The Sustainable Forests and Communities Collaborative (SFCC), in partnership with the Sierra Nevada Conservancy and the Sierra Resource Conservation District, held their first large-scale event, "SFCC Symposium: Coordinating Volunteers on Our Public Lands" at California State University, Fresno, Feb. 7.
More than 80 representatives from volunteer organizations and public land management agencies throughout Central California came to attend six diverse sessions to increase and encourage volunteerism on public lands.
The symposium addressed the existing gap between volunteer organizations and restoration projects on public lands by fostering understanding of the restraints both volunteer organizers and public land managers must work within. The keynote speaker, Joyce Granger, vice president of the Sierra Free Packers unit of the Backcountry Horsemen of California, noted this challenge.
"As so many of the public land budgets continue to be cut or reduced those agencies that partner with volunteers are in a sense winning the lottery every time," Granger said. "They get an influx in both labor and dollar-value for their projects."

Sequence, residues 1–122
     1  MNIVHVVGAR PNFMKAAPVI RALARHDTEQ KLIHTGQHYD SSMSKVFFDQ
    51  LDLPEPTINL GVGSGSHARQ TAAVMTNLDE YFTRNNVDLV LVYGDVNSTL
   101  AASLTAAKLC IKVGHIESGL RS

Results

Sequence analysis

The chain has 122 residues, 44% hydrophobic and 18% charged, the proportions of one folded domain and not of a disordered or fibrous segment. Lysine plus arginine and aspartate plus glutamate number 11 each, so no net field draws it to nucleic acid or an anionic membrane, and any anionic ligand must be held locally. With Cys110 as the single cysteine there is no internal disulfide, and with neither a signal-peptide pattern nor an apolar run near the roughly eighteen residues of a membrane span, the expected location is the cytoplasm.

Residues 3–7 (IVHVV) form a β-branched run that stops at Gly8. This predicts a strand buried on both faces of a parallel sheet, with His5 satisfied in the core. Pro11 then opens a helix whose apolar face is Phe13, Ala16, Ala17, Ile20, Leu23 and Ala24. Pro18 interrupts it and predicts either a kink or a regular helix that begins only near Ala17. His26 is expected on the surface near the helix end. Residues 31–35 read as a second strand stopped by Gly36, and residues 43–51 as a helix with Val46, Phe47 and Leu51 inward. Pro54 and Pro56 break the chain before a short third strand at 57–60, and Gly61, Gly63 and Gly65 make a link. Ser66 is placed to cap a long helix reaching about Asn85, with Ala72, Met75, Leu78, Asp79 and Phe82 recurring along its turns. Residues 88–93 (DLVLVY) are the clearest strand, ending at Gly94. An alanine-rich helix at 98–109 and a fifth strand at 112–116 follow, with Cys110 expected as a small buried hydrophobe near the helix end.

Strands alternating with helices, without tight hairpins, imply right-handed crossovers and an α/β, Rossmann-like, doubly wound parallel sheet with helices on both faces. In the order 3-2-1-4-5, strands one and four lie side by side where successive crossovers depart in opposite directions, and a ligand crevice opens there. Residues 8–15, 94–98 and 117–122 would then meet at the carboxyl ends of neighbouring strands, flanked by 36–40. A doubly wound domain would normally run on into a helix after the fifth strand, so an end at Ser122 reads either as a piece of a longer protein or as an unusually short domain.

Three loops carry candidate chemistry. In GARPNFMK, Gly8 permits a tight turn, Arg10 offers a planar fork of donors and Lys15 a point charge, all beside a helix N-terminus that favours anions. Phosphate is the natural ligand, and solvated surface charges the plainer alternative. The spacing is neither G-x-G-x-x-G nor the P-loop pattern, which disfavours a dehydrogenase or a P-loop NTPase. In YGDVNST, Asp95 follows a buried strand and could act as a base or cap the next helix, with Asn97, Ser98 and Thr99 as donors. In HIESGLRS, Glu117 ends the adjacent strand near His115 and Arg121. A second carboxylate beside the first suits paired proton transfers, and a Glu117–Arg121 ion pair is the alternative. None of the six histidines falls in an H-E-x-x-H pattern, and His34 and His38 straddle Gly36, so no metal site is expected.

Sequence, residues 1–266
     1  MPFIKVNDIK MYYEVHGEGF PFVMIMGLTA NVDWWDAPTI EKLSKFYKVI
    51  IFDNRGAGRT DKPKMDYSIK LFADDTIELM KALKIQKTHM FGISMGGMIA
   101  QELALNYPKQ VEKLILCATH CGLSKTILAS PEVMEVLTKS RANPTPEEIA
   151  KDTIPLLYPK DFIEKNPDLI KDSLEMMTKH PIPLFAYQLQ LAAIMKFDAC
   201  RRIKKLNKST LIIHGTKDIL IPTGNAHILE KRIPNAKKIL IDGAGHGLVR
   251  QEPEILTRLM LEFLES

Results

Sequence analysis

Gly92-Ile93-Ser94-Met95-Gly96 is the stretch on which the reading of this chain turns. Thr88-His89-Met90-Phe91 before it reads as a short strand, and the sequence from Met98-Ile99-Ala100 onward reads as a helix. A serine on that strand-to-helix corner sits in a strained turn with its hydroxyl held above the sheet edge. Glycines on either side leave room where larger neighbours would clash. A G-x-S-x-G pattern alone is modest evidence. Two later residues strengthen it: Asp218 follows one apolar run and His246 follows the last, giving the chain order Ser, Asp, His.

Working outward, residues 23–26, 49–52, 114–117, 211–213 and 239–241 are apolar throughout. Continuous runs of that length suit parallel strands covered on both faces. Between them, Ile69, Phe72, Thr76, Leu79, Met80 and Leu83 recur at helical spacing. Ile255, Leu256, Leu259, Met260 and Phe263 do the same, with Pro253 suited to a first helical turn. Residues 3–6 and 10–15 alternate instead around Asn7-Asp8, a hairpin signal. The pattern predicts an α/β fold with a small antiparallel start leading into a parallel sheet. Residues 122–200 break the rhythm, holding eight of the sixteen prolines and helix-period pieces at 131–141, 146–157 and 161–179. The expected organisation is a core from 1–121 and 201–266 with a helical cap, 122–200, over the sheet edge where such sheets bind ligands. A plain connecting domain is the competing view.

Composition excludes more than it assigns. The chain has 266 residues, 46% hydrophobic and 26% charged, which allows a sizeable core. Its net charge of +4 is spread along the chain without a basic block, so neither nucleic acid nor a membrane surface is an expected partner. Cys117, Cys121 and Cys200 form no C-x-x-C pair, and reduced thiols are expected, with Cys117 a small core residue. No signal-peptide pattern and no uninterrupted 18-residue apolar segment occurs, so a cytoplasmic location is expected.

Currently, public land managers find themselves needing volunteer assistance to effectively manage public lands yet many times the tools needed to partner with the appropriate organizations are limited.
"A public land project can be like the dry parched earth without volunteers, so I would like to encourage public land agencies to embrace the volunteers like the earth does the rain," Granger said. "At the same time remembering that the volunteers can be a catalyst to help a project to bloom, grow and thrive. And to the volunteers, I would say engage, and immerse yourselves with the public land projects."
The morning sessions featured presentations by experienced volunteer organizations, covering topics like meeting volunteer needs, managing volunteers effectively, and creative solutions to funding hurdles.
"Today's sessions allowed for me to better understand the current challenges as well as the opportunities that exist to bridge this gap," said Madera County District 5 Supervisor Tom Wheeler. "I think it is the role of each and every one of us to start working on public land issues collaboratively. We must work together to ensure that these lands are healthy for our children and grandchildren."
The afternoon was devoted to two panels which allowed participants to have a detailed question-and-answer session with public land managers, educators and tribal contacts. Panel one featured representatives from the Sierra National Forest, Yosemite National Park and the Bureau of Land Management, who all provided the "insiders scoop" on their respective agencies. They discussed how they worked with volunteers, their recruitment process, and the challenges and restrictions they face as federal agencies.
The final panel, "Sharing Successes and Challenges," featured successful volunteer coordinators from throughout the state providing new models and approaches for both public land managers and volunteer organizers alike.